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India and BIMSTEC
JUN   10

India and BIMSTEC


Mains   > International relations   >   Regional groupings   >   BIMSTEC


  • The 25th Founding Day of BIMSTEC was celebrated in Dhaka on 6th June 2022.


  • Speaking on the occasion of the 25th Founding Day, BIMSTEC Secretary General Tenzin Lekphell has said that in its 25 years of existence, BIMSTEC has proved to be a bridge of friendship connecting the people of South and South-east Asia.
  • Secretary General also said that establishment of the BIMSTEC Secretariat in Dhaka in 2014 and adoption of the BIMSTEC charter at the 5th summit in Colombo this year (2022) are two major milestones that BIMSTEC has achieved.

Highlights of 5th BIMSTEC Summit (2022,hosted by Sri Lanka)

  • BIMSTEC Charter:
    • The main outcome of the Summit was the adoption and signing of the BIMSTEC Charter, which formalizes the grouping into an organization made up of members states that are littoral to, and dependent upon, the Bay of Bengal.
      • The Charter had given the BIMSTEC a new orientation and concrete goals.
      • Under this Charter, the members were expected to meet once in every two years.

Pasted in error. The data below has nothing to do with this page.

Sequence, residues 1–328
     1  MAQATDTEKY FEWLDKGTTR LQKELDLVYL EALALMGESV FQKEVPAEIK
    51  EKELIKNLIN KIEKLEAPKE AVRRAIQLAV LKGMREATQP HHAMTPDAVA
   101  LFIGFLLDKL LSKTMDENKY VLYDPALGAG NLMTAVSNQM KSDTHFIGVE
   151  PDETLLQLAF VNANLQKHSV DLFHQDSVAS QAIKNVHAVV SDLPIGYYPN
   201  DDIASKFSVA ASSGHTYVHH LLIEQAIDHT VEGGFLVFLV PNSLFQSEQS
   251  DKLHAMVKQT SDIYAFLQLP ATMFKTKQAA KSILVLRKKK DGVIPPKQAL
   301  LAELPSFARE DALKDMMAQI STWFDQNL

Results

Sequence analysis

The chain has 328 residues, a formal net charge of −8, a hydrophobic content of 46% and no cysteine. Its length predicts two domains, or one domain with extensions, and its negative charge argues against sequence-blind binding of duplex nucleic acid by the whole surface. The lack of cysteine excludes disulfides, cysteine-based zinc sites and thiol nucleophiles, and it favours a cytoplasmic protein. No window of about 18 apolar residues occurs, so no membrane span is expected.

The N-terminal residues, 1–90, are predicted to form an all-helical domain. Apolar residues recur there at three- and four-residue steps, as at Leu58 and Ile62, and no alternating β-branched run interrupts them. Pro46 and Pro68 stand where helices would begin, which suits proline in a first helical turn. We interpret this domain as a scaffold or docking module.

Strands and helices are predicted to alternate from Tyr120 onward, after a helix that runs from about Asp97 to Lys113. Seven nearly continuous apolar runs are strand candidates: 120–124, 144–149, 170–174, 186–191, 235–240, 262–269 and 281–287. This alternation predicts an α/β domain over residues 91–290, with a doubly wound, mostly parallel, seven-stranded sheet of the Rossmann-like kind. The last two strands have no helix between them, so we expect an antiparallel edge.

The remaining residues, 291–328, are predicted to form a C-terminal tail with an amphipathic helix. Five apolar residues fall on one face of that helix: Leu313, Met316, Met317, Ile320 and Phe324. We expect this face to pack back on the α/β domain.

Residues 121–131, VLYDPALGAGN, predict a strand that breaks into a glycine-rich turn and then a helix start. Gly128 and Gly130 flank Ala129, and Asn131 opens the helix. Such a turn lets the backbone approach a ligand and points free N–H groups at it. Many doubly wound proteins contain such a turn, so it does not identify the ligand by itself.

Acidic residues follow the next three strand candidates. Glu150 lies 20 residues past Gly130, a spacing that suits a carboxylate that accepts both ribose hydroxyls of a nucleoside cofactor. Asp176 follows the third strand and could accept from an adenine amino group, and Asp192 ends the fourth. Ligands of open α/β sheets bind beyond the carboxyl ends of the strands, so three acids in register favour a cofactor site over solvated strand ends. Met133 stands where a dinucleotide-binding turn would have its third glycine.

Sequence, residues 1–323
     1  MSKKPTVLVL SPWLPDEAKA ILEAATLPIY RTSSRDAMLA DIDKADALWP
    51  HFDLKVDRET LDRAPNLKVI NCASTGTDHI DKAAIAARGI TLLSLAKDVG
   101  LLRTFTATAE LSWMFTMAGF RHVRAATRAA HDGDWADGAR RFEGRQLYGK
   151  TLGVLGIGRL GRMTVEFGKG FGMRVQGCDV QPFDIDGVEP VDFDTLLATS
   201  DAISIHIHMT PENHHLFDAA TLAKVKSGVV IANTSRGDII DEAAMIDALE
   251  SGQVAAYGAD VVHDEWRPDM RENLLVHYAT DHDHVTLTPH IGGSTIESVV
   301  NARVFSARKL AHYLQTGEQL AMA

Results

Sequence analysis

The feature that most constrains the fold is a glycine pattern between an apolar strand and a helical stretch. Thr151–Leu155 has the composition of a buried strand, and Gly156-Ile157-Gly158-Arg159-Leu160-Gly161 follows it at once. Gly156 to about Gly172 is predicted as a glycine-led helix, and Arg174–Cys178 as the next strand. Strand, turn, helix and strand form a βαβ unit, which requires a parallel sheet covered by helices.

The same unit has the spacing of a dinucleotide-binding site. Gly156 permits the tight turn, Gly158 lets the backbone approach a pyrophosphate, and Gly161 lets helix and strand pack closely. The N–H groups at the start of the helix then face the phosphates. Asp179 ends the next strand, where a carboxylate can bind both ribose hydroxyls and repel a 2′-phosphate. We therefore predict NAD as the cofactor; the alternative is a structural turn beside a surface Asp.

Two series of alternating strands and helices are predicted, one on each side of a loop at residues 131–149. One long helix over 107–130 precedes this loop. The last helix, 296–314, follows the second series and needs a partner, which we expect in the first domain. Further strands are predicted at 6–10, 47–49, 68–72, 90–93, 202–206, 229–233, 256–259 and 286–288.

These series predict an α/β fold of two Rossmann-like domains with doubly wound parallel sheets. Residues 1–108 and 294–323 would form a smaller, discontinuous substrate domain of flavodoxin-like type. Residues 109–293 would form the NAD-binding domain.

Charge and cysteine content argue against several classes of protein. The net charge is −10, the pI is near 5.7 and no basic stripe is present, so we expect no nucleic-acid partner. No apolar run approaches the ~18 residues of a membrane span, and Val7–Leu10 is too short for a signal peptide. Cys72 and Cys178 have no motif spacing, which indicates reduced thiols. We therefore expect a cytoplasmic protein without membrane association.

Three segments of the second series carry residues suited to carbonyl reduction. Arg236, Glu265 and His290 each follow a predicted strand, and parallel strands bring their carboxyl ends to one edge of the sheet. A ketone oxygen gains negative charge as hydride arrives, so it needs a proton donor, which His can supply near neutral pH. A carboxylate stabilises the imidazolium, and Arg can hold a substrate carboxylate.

• In line with the development of the organisation into a formal structure, the leaders of the member-countries have agreed to divide the working of the grouping into seven segments, with India providing leadership to the security pillar.
  • Master Plan for Transport Connectivity:
    • The Summit also saw considerable progress being achieved in the BIMSTEC connectivity agenda with the adoption of the ‘Master Plan for Transport Connectivity’ by Leaders which lays out a guidance framework for connectivity related activities in the region in the future.
  • Three BIMSTEC agreements:
    • The summit also witnessed the signing of three BIMSTEC agreements,
      • Convention on Mutual Legal Assistance in Criminal Matters
      • Memorandum of Understanding on Mutual Cooperation in the field of Diplomatic Training
      • Memorandum of Association on Establishment of BIMSTEC Technology Transfer Facility.


  • BIMSTEC stands for Bay of Bengal Initiative for Multi-sectoral Technical and Economic Cooperation
  • It is a regional organization comprising seven Member States lying in the littoral and adjacent areas of the Bay of Bengal constituting a contiguous regional unity.
  • This sub-regional organization came into being on 6 June 1997 through the Bangkok Declaration.
  • Member States: